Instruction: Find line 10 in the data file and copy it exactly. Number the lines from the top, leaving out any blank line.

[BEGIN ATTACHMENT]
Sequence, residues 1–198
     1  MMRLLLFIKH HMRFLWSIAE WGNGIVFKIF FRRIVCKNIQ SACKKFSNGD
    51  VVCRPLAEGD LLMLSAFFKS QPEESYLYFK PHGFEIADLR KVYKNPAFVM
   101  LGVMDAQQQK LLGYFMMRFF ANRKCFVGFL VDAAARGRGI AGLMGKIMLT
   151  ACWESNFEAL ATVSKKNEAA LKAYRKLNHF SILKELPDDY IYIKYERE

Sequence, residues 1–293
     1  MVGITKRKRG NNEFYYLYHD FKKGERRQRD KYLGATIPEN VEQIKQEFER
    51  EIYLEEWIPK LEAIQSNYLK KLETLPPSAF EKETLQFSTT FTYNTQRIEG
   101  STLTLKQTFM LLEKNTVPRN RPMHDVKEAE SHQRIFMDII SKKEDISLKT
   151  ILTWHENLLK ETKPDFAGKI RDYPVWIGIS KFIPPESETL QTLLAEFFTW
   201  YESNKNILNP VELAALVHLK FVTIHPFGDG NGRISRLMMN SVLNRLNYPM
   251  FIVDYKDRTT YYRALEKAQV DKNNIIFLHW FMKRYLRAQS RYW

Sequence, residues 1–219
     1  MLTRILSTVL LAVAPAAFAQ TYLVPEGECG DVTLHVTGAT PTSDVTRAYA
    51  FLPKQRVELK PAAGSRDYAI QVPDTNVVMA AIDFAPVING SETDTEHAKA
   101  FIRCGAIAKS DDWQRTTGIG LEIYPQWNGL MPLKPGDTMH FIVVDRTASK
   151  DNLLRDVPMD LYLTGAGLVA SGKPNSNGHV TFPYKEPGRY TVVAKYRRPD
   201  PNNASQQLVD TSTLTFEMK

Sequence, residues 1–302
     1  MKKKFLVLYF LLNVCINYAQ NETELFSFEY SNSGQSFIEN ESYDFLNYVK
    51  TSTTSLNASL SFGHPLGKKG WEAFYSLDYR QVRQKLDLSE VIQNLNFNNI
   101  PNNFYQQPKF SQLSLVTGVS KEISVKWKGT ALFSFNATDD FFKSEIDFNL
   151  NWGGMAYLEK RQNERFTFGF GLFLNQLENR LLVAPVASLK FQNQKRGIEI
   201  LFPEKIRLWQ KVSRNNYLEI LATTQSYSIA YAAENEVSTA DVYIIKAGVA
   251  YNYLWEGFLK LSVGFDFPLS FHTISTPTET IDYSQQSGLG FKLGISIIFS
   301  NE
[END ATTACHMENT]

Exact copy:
   151  ILTWHENLLK ETKPDFAGKI RDYPVWIGIS KFIPPESETL QTLLAEFFTW